Wall’s conduct in connection with these mail-in ballot applications is inexcusable. Wall is a member of the State Republican Executive Committee and is well versed in ballot security matters. In her campaign biography, Wall even touts her experience as Chair of the Election Integrity Working Group of the Republican Party of Texas. Although she has employed a cadre of highly paid consultants (campaign finance records show that she has spent more than $4.4 million so far during her campaign in the 22nd District), Wall has the ultimate responsibility for the content of the mail that is sent by her campaign.
Wall is also not a novice candidate. In 2018, she ran unsuccessfully for the Republican nomination in the 2nd Congressional District, now represented by Dan Crenshaw. Wall’s husband, Holly Frost, is still registered to vote at the couple’s $3.7 million homestead-exempt home in Congressman Crenshaw’s district.
Although I am no longer a resident of the 22nd District, I lived in the district for many years. I also had the honor of serving the people of the 22nd District as an aide in Congressman Tom DeLay’s district office after I graduated from Texas A&M. I still have family that lives in the district and they, as well as the other residents of the district, deserve competent conservative representation in Congress.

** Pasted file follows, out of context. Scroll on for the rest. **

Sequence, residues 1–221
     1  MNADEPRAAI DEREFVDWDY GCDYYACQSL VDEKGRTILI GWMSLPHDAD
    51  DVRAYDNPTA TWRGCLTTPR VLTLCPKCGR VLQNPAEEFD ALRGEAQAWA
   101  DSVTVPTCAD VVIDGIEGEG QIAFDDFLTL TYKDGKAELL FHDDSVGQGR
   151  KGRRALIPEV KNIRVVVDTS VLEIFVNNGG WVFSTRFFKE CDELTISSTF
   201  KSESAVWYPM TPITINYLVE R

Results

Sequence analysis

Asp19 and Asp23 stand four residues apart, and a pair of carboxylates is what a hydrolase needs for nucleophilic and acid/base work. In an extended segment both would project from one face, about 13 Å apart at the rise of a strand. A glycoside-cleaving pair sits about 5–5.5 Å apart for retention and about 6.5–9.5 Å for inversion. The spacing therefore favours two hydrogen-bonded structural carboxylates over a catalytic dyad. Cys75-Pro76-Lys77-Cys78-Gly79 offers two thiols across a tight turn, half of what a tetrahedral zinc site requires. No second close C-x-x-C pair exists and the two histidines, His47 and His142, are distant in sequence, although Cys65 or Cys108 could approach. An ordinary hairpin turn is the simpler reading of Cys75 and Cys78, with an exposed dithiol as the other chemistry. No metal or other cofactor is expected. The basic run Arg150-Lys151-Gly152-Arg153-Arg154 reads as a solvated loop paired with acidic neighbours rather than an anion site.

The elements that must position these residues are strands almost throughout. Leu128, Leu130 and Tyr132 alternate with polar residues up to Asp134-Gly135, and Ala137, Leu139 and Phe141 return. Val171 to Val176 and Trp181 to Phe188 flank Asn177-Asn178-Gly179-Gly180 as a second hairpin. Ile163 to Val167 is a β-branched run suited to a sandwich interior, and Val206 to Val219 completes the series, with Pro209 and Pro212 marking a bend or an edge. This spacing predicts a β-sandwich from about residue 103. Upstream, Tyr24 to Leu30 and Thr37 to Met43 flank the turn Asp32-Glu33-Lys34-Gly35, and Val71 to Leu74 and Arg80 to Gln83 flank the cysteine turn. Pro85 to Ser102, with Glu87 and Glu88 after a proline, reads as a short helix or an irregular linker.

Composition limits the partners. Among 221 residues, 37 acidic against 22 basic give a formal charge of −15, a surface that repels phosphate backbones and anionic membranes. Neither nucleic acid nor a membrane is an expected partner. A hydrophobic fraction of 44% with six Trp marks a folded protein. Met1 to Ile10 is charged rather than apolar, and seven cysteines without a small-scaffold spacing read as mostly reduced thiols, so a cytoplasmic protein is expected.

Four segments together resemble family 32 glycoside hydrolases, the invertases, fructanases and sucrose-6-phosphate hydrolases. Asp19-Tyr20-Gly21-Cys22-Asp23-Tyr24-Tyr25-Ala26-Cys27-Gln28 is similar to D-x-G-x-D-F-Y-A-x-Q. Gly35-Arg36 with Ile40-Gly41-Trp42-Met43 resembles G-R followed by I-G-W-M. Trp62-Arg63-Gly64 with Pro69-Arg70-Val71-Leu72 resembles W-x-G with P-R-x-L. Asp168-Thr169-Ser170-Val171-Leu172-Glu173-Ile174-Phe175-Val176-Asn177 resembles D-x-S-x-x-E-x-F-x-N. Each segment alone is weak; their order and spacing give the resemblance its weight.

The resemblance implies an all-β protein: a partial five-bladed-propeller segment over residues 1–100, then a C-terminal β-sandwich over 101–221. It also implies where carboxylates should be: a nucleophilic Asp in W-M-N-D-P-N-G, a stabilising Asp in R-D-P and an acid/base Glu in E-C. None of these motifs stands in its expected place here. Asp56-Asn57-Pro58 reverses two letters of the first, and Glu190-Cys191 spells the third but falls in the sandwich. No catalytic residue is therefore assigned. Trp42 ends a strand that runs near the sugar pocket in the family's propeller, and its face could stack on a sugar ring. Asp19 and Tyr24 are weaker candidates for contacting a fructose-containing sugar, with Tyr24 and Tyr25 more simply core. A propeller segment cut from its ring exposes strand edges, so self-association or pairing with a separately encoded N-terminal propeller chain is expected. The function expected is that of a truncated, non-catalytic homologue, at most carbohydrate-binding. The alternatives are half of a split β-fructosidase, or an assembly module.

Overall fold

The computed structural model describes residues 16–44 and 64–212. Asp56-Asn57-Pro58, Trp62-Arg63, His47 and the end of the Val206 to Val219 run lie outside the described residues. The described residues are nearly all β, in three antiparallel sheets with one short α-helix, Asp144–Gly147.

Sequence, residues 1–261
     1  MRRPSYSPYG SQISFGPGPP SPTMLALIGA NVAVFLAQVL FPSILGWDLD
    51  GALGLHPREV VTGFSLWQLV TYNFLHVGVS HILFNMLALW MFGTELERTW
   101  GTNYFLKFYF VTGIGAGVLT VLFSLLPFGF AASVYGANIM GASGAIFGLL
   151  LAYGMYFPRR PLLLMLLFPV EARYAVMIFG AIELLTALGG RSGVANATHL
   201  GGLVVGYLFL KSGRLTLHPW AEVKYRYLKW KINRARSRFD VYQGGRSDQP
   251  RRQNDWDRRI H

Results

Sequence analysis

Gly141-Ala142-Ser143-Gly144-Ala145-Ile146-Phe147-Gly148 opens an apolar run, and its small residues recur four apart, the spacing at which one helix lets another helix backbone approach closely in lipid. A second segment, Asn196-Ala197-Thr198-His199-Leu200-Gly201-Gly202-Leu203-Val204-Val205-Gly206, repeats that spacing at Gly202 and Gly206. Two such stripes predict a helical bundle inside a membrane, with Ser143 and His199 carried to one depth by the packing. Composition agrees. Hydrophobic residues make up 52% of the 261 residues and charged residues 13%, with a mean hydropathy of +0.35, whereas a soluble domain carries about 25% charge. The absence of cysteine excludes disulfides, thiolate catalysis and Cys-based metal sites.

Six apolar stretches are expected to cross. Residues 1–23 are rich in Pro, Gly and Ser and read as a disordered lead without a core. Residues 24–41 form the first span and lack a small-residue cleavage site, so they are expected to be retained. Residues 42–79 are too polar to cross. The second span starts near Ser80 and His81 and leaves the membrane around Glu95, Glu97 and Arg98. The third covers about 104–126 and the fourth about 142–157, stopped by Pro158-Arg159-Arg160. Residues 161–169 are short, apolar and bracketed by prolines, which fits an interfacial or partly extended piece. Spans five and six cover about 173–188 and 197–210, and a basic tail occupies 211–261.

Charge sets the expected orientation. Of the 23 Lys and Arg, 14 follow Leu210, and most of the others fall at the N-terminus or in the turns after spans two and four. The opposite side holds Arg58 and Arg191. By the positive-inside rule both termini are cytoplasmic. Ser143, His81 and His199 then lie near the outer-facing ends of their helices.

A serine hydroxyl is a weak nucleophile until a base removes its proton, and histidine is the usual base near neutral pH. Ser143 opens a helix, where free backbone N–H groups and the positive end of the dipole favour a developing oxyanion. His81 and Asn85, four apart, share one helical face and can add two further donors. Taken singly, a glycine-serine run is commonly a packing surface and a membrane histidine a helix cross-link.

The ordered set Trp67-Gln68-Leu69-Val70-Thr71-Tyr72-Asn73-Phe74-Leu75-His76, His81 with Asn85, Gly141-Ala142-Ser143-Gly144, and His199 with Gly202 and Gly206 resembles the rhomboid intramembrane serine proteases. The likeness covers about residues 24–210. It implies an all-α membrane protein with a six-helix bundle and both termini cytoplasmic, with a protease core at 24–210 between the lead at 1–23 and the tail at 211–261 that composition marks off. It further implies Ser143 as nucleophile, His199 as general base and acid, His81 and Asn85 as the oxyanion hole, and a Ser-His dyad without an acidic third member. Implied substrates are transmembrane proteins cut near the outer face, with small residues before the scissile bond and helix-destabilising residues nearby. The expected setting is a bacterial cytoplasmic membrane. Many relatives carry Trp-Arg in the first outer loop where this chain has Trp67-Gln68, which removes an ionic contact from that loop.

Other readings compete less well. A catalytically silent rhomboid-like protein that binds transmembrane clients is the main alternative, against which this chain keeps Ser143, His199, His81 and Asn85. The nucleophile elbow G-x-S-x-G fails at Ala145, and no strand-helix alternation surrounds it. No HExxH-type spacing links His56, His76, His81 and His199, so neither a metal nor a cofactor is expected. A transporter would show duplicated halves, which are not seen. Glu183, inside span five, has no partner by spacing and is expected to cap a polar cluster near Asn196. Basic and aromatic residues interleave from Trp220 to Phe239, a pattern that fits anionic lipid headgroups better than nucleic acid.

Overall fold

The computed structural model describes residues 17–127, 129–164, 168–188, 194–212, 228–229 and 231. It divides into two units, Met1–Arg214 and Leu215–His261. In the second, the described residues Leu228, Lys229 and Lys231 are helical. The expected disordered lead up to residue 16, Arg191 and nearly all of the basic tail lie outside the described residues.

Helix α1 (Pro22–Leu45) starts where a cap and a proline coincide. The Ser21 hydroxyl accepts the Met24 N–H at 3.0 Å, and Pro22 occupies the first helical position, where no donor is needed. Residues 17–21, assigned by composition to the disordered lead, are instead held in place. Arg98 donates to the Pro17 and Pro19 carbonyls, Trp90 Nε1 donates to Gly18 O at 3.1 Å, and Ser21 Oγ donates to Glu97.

Had the Democratic Party or a Democratic candidate for public office sent mailers such as the ones sent by Ms. Wall, Republicans would rightfully be calling for such conduct to be investigated by the appropriate authorities. At the very least, Ms. Wall owes the voters of the 22nd District an apology as well as an explanation for why she sent these misleading mail-in ballot applications even though she knew the information her campaign was providing was false.
Mark McCaig is an attorney and Republican Precinct Chairman in Harris County.
UPDATE: Kathaleen Wall’s campaign also used text messaging to promote mail-in ballots for Covid-19 fears.